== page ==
of lakes at the foot of high ridges, on the west side. Presently the trail turned up the slope of the mountain, where night overtook us. After traveling some distance I discovered we were following a band of elk, having missed the trail in the darkness. We then struck out for the lake shore, on which our course was regained, but presently lost again after more elk. We then built a fire and examined the ground carefully for tracks, found the right direction, and at 10 o'clock at night arrived in camp on the lake shore, to the relief of our companions, who supposed us lost in the mountains. Our camp to-night is due south from the head of the Yellowstone, on the other side of the lake. Long, wooded promontories here extend out into the basin, inclosing bays several miles in length. These are so numerous as to render it impossible to give a correct profile of the shore without actual measurement, the perspective in such distances rendering appearances very deceiving. Distance, 9 miles.

Eighteenth day -- September 8. -- We traveled across a high promontory running into the lake, winding among steep ravines and through fallen timber lying in heaps, with full-grown, living forest above it. This timber must have been deadened by fire, the trunks being bare of limbs and much decayed, but in such masses as to be impassable in many places, causing us to make wide detours to find a trail. The standing forest is very dense; the pack-animals ran between trees, often wedging themselves in so tightly as to require some trouble in extricating them; several of the packs burst, causing numerous delays. Our faces were scratched, clothes torn, and limbs bruised squeezing through between saplings. After a hard day's work, traveling at all points of the compass for a distance of at least 15 miles, we struck a stream leading north through a deep ravine and followed it down. Presently the ranges opened out, skirting a pretty little bottom, in which we camped. Distance direct, 7 miles.

Messrs. Hedges and Stickney wandered off from the party in the morning, but struck the shore of the lake and followed it, meeting us shortly after going into camp. In the evening a grizzly bear, with cubs, was roused by some of the party, but as they had not lost any bears she got away with her interesting family undisturbed. These animals are very numerous in the basin, the green grasses, berries, and pine nuts affording them abundant supplies of food; but our party kept up such a racket of yelling and firing as to drive off all game for miles ahead of us. The numbers of springs of water on the slopes of these ridges is surprising, large districts on the hill-sides being swampy and often impassable. The water from the granite rocks is always good; from all others bad. The small lakes are perfectly alive with otter, which may be seen playing upon their surfaces at night-fall by hundreds. Beaver, mink, and muskrat are also abundant.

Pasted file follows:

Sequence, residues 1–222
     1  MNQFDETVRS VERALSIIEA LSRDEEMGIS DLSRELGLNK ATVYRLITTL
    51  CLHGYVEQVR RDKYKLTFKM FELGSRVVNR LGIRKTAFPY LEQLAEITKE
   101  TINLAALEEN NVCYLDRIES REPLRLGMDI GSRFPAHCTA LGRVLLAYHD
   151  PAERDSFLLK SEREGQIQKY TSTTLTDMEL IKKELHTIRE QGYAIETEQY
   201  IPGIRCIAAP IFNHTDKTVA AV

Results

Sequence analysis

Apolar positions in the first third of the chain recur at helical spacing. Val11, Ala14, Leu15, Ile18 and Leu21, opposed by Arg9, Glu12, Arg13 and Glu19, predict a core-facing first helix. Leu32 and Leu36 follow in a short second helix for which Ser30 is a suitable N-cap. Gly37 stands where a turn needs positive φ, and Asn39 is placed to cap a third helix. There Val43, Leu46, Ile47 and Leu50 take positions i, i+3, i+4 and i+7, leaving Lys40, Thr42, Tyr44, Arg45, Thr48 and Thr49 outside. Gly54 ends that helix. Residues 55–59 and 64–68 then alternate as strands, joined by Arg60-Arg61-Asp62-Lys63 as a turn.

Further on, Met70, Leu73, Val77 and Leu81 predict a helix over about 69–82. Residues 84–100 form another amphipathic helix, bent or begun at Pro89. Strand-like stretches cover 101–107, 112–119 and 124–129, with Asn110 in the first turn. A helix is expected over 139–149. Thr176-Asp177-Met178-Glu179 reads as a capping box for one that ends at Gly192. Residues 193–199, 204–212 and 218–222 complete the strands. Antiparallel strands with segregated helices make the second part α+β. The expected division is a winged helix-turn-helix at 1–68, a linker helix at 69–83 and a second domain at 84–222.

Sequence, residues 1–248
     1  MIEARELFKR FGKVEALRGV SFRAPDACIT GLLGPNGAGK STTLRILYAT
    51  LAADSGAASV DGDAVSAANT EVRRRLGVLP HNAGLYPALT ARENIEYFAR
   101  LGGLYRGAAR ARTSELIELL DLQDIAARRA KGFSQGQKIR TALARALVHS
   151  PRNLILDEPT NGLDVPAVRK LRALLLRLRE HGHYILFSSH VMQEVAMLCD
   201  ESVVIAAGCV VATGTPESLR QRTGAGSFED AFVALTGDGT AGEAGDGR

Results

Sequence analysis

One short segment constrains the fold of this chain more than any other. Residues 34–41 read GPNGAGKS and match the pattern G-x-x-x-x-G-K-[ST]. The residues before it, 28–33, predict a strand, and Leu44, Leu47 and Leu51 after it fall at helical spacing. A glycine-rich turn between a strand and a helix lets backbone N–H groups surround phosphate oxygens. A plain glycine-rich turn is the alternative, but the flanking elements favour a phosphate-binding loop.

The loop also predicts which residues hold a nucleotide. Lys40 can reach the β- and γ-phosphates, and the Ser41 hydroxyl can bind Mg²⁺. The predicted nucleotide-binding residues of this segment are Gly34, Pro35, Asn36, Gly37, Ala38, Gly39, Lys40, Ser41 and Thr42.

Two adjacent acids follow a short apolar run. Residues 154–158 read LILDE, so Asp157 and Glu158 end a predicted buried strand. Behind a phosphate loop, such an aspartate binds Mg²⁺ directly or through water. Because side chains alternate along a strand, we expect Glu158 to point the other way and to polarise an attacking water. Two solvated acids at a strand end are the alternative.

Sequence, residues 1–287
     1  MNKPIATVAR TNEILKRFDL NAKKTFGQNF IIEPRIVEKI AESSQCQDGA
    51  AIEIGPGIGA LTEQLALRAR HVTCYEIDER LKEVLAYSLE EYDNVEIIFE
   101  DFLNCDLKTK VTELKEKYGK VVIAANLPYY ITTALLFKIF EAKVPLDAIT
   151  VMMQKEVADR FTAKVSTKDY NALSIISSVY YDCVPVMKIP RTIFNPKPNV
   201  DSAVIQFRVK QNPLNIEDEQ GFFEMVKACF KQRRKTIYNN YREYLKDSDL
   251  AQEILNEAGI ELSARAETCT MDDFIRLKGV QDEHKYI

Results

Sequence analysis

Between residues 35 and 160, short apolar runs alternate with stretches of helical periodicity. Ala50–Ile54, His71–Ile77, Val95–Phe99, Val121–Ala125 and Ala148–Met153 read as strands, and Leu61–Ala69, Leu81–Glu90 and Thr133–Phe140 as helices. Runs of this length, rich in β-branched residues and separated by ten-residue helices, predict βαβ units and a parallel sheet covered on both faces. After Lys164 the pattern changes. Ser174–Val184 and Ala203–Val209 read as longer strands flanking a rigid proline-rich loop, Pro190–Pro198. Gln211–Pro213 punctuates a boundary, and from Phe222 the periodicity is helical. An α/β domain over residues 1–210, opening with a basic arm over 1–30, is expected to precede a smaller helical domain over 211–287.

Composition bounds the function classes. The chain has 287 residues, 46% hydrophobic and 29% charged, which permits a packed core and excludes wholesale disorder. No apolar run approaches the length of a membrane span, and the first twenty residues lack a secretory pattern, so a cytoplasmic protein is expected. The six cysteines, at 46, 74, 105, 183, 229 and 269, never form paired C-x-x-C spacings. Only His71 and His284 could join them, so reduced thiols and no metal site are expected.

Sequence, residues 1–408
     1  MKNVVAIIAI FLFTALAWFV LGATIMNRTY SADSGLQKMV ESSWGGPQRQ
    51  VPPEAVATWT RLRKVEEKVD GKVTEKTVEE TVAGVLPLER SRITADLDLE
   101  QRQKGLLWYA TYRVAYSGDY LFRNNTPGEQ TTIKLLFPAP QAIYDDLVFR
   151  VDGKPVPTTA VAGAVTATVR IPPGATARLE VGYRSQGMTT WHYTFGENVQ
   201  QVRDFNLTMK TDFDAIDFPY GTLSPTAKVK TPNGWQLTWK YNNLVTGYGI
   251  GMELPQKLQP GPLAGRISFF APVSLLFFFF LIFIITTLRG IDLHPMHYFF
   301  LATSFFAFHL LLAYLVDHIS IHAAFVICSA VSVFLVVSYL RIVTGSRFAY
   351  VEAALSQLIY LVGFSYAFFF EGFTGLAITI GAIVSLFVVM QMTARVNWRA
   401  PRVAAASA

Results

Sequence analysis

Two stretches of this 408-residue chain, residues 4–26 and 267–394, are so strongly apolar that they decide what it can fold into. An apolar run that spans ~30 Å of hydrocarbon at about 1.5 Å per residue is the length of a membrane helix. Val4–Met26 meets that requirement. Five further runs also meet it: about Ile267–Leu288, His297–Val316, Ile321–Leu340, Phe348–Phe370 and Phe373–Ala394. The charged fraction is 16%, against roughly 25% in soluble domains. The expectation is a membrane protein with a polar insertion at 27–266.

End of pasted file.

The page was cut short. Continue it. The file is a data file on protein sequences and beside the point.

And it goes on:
Nineteenth day -- September 9. -- We moved in a westerly course over the summit of a high promontory, thence descending into a narrow open valley, and crossing a small stream rising in the promontory between two arms of the lake and flowing south.  This creek, rising as it were in the very midst of the Yellowstone Lake, is the source proper of Snake River; five miles below it empties into a stream flowing from a heart-shaped lake five miles in diameter. This stream is about 70 feet wide, 3 feet in depth, and is the main fork of Snake River. This explains the origin of the old story of the "Two Water" Lake, or Spring, to the effect that the two streams, the Yellowstone emptying into the Gulf, and the Snake river into the Pacific, had a common source. The proximity is truly unparalleled, the waters of one stream actually running from be Go to next page

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